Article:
How to Use Airline Accessories in Your Aquarium
Aquarium air pumps are very easy to use. Just connect the pump with the device using airline tubing. So why is there so many accessories for airlines? And which ones are you really going to use? We’ll be briefly explaining five commonly used parts of an airline to transform how you use your air pumps.
1. Check Valve
If you only get one item from this list, a check valve is an essential must-have. This valve contains a flapper, or stopper. It allows air to flow in one direction (into your tank) and prevents water from flowing in another direction (outside the tank). This important accessory, which is very inexpensive, prevents water escaping from your aquarium when the pump goes out of power. Water leakage out of the airline tubing usually results in damage to your air pump, as well as flooding all over your floor. If appliances or power strips are in contact with the water, it can cause an electrical fire.
Every aquarium device that uses airline tube is required to have a check valve. This includes aquarium ornaments, sponge filters, brine shrimp hatchery and carbon dioxide (CO2) injection systems. The only exception to this rule is when the CO2 tank/air pump is located above the aquarium’s edge. For installation, simply cut the airline tubing between the device and air pump and connect the check valve in between. The flapper, which looks like a horizontal or colored bar at the end of the check-valve with the flapper should face the air pump. You can’t turn the air pump on if the check valve is installed backwards.
Connect the check valve to the air pump. Make sure the horizontal or colored bar faces the air pump.
The best practice is to place the check valve outside the aquarium (not in the water), close to the top of the fish tank. This position stops the water at the rim rather than near the air pump where the water pressure in the airline tubing could cause a leak. Make sure that the airline tubing has not been twisted or damaged. Finally, check the airline tubing to make sure it hasn’t dried and hardened over time, which could cause the connection to loosen and drip during a power outage.
2. Air Valve
The air valve looks similar to a “check valve”, but it controls the flow of air from your aquarium to the pump. You may find an adjustable knob on some air pumps that allows you to adjust the pressure. However, if you don’t have one or the bubbles are too strong then this tool is for you.
To install an air valve, cut the airline tubing between the air pump and the air-driven device. Next, connect the cut ends of airline tubing to each air valve end. It doesn’t matter which direction. Turn the knob until the flow is reduced. To increase flow, loosen it. A small amount of air can still escape through the valve even if the knob is fully tightened. This prevents back pressure buildup and can potentially cause damage to your air pump.
An Air Valve controls the amount air flow from your air pump to your air-driven aquarium device.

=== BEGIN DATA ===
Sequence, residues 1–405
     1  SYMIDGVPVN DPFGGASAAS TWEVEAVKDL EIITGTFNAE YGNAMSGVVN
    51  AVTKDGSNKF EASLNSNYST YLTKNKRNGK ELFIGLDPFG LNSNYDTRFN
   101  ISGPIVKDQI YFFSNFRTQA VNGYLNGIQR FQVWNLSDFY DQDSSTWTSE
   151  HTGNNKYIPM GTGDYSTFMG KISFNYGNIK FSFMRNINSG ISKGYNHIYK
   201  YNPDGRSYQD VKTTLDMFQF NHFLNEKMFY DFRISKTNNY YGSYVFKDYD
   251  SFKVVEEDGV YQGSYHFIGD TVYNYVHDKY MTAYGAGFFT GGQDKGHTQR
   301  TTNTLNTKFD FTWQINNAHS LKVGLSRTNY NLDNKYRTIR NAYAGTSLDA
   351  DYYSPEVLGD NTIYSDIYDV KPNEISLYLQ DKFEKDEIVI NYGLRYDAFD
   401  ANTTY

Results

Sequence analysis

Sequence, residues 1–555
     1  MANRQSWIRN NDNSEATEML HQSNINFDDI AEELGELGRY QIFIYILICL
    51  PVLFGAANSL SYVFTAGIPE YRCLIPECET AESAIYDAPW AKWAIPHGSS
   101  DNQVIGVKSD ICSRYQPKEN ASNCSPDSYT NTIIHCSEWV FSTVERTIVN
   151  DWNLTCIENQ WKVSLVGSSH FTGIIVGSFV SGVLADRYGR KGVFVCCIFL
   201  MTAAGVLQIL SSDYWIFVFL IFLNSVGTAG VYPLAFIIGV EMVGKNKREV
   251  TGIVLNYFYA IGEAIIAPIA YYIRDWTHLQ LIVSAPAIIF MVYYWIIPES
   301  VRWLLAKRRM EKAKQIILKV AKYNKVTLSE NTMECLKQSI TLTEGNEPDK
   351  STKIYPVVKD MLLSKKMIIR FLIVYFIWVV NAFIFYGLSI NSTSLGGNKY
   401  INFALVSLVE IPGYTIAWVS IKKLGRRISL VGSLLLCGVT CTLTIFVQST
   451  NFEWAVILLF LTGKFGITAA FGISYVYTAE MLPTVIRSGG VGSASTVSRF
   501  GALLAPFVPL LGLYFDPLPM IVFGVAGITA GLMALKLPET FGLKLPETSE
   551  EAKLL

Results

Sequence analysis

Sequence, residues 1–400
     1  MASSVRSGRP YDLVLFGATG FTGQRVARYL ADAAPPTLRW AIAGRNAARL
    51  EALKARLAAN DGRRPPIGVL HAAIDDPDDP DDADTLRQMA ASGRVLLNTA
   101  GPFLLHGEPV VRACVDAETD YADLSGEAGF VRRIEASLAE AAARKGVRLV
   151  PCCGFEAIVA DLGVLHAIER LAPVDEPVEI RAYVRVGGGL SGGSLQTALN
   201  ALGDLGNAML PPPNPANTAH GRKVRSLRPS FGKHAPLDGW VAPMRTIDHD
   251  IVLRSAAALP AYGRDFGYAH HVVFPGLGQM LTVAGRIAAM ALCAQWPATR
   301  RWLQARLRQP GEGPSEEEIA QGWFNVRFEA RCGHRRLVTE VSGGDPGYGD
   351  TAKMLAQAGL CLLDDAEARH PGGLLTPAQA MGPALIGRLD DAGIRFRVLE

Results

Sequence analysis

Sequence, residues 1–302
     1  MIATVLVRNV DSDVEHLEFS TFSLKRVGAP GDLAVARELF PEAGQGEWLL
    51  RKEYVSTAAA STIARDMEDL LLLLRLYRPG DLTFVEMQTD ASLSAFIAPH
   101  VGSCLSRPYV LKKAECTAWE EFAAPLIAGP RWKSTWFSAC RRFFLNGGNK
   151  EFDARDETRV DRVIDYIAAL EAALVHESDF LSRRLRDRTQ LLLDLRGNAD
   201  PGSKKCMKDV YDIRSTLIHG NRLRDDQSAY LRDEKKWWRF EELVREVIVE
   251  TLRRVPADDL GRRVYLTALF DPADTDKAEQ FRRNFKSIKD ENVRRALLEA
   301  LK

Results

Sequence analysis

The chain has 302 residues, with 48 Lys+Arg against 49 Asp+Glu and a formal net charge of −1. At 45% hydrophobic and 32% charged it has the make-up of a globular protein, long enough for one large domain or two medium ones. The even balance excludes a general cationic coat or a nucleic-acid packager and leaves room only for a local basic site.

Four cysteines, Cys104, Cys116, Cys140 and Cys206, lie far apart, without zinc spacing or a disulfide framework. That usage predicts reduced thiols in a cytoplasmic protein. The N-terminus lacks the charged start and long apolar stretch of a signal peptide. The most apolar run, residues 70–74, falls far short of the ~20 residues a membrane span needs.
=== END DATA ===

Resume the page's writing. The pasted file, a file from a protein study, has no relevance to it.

As with the check valve, we recommend that you add the air valve near the rim of your fish tank for easy access. Also, make sure you make clean cuts in the airline tubing and check the connections periodically to make sure the air valve is still snuggly connected.
3. T Splitter
The T shape of the tee splitter splits air into two streams. This functionality is useful if you only have one air pump but wish to run a second air stone or aquarium decoration in the fish tank. A second use for this functionality would be to divert the air from your main aquarium to another tank or a quarantine bathtub. Each pack comes with five T airline connectors, so you could theoretically chain multiple splitters together to create additional air streams.
The air flow from the green air pump is divided by the T splitter, and the air valve regulates how much air gets to the sponge filter.
We highly recommend using air valves when splitting the air stream so that you can fine-tune how much air goes to each line. As usual, ensure that you use airline tubing with clean-cut ends and periodically inspect the connections to make sure they haven’t weakened over time.
4. Gang Valve
A gang valve is an efficient accessory to split one air stream into multiple routes. The model we offer features four outlets and up to two inlets. The two inlets allow you to add one or two air pumps as desired and then split it up four ways. You can also connect two daisy-chain gang valves together to give you eight ways of splitting your air.
A gang valve is a great way to split air between multiple aquariums or air-driven devices.
Keep in mind that every split of air results in a weaker output, which means less air passing through each outlet. The more outlets you have, the more adjustments need to be made on each air stream. There’s no need for additional air valves as each outlet has its own adjustable switch that regulates how much air is allowed to each device.
5. Air Stone
An airstone is a small weighted bubbler that makes very small bubbles in water. This simple accessory helps to gradually diffuse air into the tank, improve oxygenation of water, and minimize the amount of bubbling noise you’ll hear. You can use an air stone by itself or in conjunction with a sponge filter to improve the efficiency of the filtration. The air stone produces a steady stream (instead large, intermittent bubbles), that lifts the sponge filter like an escalator.
This diagram shows where an air stone goes inside a sponge filter to optimize its performance. To install an air stone inside a sponge filter, read our sponge filter installation guide.
Running an air-driven device like an aquarium filter, air stone, or bubbler is one of the easiest ways to increase surface agitation and oxygenation in your fish tank. For more details on how to set up a fish tank air pump (and make it quieter), read our full installation guide here.